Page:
Philosophy and Society is part of the Essential Lectures Collection. This album was one of the original six albums compiled by Alan and his son, Mark, in 1973. It includes some of Alan’s most inspiring public lectures, as well as his powerful Veil of Thoughts seminar recorded aboard the SS Vallejo (Alan’s floating studio) two years prior.  In the Veil seminar, he explores the limitations of thought, explaining that thought makes a good tool but a poor master, before taking a turn to touch upon love and the institution of marriage from both historic and pragmatic perspectives; speaking from “a certain amount of bitter experience.”

Swimming Headless

00:05 This morning I was giving you a talk on the fundamental basic attitudes expressed in Lao Tzu’s Tao Te Ching. And the title of the book, “Tao Te Ching,” introduces now the second...

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Taoist Way

Part 1 00:00 The philosophy of the Tao is one of the two great principal components of Chinese thought. There are, of course, quite a number of forms of Chinese philosophy, but there are two...

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The Joker

One of Alan’s most popular seminars, and for good reason—in The Joker, listeners will find out why every society needs fools in order to remind itself not to take life so damn seriously.

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The Joyous Cosmology

What kind of a theory of the universe would it take for us to willingly accept the pain, turmoil, chaos, heartbreak, and suffering that comes with the state of being a consciously aware and individuated Self?

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The Joyous Cosmology: Adventures in the Chemistry of Consciousness

The Joyous Cosmology is Alan Watts’ exploration of the insight that the consciousness-changing drugs LSD, mescaline and psilocybin can facilitate when accompanied with sustained philosophical reflection by a person who is in search, not of kicks, but of understanding. More than an artifact, it is both a riveting memoir of Alan’s personal experiments and a profound meditation on our perennial questions about the nature of existence and the existence of the sacred.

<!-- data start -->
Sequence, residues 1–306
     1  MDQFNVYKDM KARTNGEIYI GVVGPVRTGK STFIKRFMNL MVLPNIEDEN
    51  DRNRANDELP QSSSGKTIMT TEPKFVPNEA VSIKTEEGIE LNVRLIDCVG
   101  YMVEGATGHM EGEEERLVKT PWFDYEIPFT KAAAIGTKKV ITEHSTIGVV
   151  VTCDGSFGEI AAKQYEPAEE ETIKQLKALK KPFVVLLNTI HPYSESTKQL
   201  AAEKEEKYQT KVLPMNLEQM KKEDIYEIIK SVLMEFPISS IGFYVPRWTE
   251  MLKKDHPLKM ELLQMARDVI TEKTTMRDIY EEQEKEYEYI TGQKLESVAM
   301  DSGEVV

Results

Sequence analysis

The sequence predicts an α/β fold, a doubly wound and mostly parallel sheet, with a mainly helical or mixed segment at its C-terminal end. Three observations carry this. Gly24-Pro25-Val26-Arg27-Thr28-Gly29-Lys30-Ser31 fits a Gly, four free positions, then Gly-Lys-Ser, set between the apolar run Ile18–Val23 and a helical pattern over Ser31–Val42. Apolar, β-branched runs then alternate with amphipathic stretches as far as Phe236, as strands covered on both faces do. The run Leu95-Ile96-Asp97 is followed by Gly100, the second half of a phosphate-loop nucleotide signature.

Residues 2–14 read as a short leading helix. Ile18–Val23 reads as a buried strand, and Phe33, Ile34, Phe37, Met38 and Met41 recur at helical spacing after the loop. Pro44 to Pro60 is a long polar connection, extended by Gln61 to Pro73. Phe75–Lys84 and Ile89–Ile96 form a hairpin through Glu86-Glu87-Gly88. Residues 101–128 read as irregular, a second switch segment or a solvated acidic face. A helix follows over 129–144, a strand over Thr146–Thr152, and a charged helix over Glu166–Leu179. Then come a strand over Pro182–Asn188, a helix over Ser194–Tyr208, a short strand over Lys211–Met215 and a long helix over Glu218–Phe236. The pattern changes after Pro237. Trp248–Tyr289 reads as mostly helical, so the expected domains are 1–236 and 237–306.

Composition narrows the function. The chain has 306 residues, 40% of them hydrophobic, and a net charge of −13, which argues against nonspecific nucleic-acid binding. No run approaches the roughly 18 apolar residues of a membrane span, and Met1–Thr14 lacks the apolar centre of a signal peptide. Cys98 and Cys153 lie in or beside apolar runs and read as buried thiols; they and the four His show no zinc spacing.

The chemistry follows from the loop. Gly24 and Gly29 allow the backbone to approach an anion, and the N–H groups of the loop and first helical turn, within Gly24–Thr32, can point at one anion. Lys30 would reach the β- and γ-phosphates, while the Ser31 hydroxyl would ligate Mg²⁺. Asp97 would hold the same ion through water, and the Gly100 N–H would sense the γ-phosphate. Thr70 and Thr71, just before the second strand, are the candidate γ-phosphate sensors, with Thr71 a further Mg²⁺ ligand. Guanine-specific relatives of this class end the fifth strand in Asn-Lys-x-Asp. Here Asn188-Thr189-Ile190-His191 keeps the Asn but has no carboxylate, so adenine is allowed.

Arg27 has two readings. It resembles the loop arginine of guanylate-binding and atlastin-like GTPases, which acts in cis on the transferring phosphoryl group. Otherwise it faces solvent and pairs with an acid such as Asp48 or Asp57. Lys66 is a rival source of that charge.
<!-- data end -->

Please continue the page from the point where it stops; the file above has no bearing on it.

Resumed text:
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The Myopic View of the World (We as Organism)

Alan Watts argues that we spend most of our life in a sort of myopia; that is, only perceiving a microscopic subsection of the reality which we occupy. By mentally “zooming out,” humans can begin to see (and enjoy) the marvelous universal dance that has been unfolding since the Big Bang—and which now expresses itself in and through us at this very moment.

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The Psychedelic Explosion

Alan talks about the upcoming revolution in which Western society will have to come to grips with the existence of the psychedelic/mystical experience, and how to integrate it into our culture in a productive, fulfilling, and responsible manner. Included are personal recollections of DMT and LSD trips experienced by Watts himself, why the utilization of psychedelic drugs should be seen as a tool, his vision of a psychedelic campus for guided mystical experiences, and why prohibition is doomed to failure.

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The Veil of Thoughts (Parts 1-4)

Alan describes the ways in which we have concealed truth behind a veil of thoughts. He talks about how and why we mistake symbols for reality, argues that civilization may be a misguided experiment, offers observations about the way in which abstractions have become more powerful than the realities they are referencing, and explains how we can become “unbamboozled” from these ways of thinking.

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